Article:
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Multi-ancestry genetic study of type 2 diabetes highlights the power of diverse populations for discovery and translation

Abstract

We assembled an ancestrally diverse collection of genome-wide association studies (GWAS) of type 2 diabetes (T2D) in 180,834 affected individuals and 1,159,055 controls (48.9% non-European descent) through the Diabetes Meta-Analysis of Trans-Ethnic association studies (DIAMANTE) Consortium. Multi-ancestry GWAS meta-analysis identified 237 loci attaining stringent genome-wide significance (P < 5 × 10−9), which were delineated to 338 distinct association signals. Fine-mapping of these signals was enhanced by the increased sample size and expanded population diversity of the multi-ancestry meta-analysis, which localized 54.4% of T2D associations to a single variant with >50% posterior probability. This improved fine-mapping enabled systematic assessment of candidate causal genes and molecular mechanisms through which T2D associations are mediated, laying the foundations for functional investigations. Multi-ancestry genetic risk scores enhanced transferability of T2D prediction across diverse populations. Our study provides a step toward more effective clinical translation of T2D GWAS to improve global health for all, irrespective of genetic background.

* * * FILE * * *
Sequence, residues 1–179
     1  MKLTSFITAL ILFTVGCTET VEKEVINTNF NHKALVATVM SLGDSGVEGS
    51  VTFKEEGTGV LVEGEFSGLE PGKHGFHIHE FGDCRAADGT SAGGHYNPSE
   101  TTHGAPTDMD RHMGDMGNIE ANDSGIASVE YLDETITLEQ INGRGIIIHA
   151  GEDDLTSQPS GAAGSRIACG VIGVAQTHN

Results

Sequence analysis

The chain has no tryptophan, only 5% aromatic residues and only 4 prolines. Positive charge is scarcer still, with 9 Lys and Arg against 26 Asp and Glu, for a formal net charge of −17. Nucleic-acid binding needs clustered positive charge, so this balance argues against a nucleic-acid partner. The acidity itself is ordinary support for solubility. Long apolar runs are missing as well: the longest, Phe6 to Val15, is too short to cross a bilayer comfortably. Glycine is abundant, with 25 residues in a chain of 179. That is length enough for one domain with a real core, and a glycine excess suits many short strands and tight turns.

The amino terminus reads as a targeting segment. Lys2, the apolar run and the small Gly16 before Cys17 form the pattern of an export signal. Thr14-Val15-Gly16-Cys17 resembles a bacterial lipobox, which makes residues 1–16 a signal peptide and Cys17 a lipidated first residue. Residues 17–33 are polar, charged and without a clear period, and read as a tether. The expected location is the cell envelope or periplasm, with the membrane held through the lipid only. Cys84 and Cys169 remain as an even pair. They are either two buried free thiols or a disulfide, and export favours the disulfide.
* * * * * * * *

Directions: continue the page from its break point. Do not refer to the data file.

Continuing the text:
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Fig. 1: Comparison of fine-mapping resolution for distinct association signals for T2D obtained from ancestry-specific meta-analysis and multi-ancestry meta-regression.
Fig. 2: T2D-association signal at the BCAR1 locus colocalizes with multiple circulating plasma pQTL.
Fig. 3: Defining causal molecular mechanisms at the PROX1 locus.
Fig. 4: Transferability of multi-ancestry and ancestry-specific GRS into GWAS across diverse population groups.
Fig. 5: Positive selection acting on T2D index SNVs.

Data availability

Association summary statistics from the multi-ancestry meta-analysis and annotation-informed fine-mapping are available through the AMP T2D Knowledge Portal (http://www.type2diabetesgenetics.org/) and the DIAGRAM Consortium data download website (http://diagram-consortium.org/downloads.html). Source data are provided with this paper.

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Acknowledgements

A complete list of acknowledgements and funding appears in the Supplementary Note. This research was funded in part by the Wellcome Trust (grant numbers 064890, 072960, 083948, 084723, 085475, 086113, 088158, 090367, 090532, 095101, 098017, 098051, 098381, 098395, 101033, 101630, 104085, 106130, 200186, 200837, 202922, 203141, 206194, 212259, 212284, 212946 and 220457). For the purpose of open access, the authors have applied a CC-BY public copyright licence to any author accepted manuscript version arising from this submission.

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